24 November 2020

To Online or Not to Online

By Marcella Gider

In conjunction with World Teachers’ Day celebrated annually in October, Swinburne acknowledges the unwavering dedication of its academic staff to deliver high-quality education to our younger generation. With the theme ‘Teachers: Leading in crisis, reimagining the future’, this year’s celebration recognises the roles of teachers who take on new challenges caused by the COVID-19 pandemic. It also highlights the struggles they face in a new, remote and different learning environment highly dependent on digital technology.

The transitioning is not a walk in the park to some. In this latest SwinSights story, we spoke to a number of our lecturers to find out how they’re adapting to the new norm.

Ir. Dr Angelia Liew San Chuin
External Engagement Coordinator and senior lecturer in civil engineering, School of Engineering

“Connecting with my students was challenging at first. I’ve learned that successful physical face-to-face instruction does not always translate to successful online instruction and that some students are unable to work alone as they need friends and teammates. It was also a challenge to train our students and staff including myself to navigate through the digital learning platform. Not every home has a reliable internet connection or readily available devices for students to use.

Starting online teaching within two weeks of the Movement Control Order (MCO) was my biggest fear! Teaching online course for the first time, there were many questions that came to my mind. How to develop high-quality online learning tools or ensure the quality of the classes? Fortunately, we were given training on how to conduct classes online with our counterparts in Melbourne on a weekly basis.

The advantage of online learning is we can truly embrace the ‘learn anywhere, anytime’ learning model. The downsides, however, students’ lack motivation and control over their learning experience. The worse form of learning is to sit passively and listen. Thus, students must be well-organised and self-motivated in order to keep up with the changes.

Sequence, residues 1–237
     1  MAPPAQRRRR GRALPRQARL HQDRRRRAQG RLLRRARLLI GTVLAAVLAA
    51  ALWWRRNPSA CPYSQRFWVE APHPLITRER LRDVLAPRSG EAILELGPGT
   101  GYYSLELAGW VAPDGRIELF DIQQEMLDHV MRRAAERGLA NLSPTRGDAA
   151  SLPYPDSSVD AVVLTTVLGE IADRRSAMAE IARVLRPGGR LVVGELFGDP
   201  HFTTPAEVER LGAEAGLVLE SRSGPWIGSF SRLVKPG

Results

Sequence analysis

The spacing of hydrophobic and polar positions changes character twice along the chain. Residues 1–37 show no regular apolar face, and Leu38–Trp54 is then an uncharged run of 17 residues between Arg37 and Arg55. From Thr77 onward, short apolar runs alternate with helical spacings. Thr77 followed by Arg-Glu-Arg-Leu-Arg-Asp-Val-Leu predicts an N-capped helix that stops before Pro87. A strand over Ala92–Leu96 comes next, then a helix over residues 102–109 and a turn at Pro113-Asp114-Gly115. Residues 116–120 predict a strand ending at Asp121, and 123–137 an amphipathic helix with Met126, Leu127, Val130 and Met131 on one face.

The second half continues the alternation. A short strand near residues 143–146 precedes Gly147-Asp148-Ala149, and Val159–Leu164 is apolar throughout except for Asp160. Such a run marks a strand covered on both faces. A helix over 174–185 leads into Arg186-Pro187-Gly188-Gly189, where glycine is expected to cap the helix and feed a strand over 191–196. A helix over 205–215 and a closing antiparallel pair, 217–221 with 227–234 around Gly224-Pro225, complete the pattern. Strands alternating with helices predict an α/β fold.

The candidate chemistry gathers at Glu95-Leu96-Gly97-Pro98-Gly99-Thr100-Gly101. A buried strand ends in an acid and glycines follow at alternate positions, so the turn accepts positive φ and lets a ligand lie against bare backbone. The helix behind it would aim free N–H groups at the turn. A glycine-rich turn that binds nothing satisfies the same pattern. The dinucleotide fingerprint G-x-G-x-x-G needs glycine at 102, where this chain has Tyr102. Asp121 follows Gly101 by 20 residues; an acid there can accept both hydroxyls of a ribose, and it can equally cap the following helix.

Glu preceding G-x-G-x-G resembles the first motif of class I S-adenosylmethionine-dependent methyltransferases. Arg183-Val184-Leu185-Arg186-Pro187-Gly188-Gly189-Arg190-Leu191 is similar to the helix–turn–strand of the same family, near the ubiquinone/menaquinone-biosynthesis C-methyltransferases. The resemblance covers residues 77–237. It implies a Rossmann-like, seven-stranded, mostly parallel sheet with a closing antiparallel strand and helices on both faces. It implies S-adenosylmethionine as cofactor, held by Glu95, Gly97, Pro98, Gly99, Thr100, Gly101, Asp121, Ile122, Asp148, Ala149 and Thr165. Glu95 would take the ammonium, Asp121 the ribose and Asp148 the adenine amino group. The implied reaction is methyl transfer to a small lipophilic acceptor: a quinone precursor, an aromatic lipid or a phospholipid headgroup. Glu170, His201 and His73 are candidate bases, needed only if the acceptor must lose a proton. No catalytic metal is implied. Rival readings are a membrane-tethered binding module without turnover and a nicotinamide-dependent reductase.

Blended learning, which is online learning with a right mix of guided traditional face-to-face method, is the way forward. Definitely a dynamic duo for future of education. On the other hand, the digital divide has widened where COVID-19 has led to a new reliance on digital infrastructure and connectivity. The future of education will need to accelerate digital infrastructure roll-out to support greater digital inclusion.

These challenges have taught me the importance of remaining close to students, demonstrating reliability and modern online education experience. It has also reminded me of other highly important skills that students need in this unpredictable world such as informed decision making, innovative problem solving, and perhaps most of all, adaptability. Resilience must be built into our educational systems too.”

Augustus Raymond Segar
Deputy Head of School and lecturer in multimedia design, School of Design & Arts

“At first, it was hard to create a strong social presence virtually when conducting live lecture session and consultation. Also, converting teaching and learning materials to videos is very time-consuming. In my units, I have recorded up to 300 video tutorials related to game development, 3D character rigging and animation so far. I was unsure how students would adapt but I was glad that we have a system in place such as the Check-In Survey to mitigate those uncertainties.

One of the advantages of online learning is that through asynchronous and synchronous delivery method, students can view the online content at their own pace. This makes learning convenient and students take responsibility for their own learning. However, virtual sessions can never replace face-to-face classroom experience and those with poor internet connection are greatly affected.

In future, the role of educators will continue to evolve to keep pace with the changes. Where technology is concerned, it plays a very critical role in education more than ever. I also foresee blended learning mode to be the common mode of delivery.

With this transition, I’ve learned a few things. Develop good practice for online teaching and learning for examples, keep the live session short, have clear expectations, and communicate regularly; always be kind and aware that not everyone has the luxury of a perfectly conducive space for online learning; continue to explore mediums and methods to facilitate effective virtual interactions for examples, Microsoft Teams video calls or Canvas discussion forum; and be mindful of digital divide and go low-tech to ensure those who have limited access to the internet and appropriate devices are not left out.”

Christina Yin
Senior lecturer, School of Foundation Studies

“Initially, my biggest challenge was downloading and learning to use the necessary software. Also, I was worried about being able to engage well with my students. The first live session on Microsoft Teams was tough – all those mute and impersonal circles and initials looking back at me from the screen. I’ve found that students are even more reluctant to speak in an online class. Always, at the back of my mind, I’m wondering if I’m getting the real picture of what’s going on.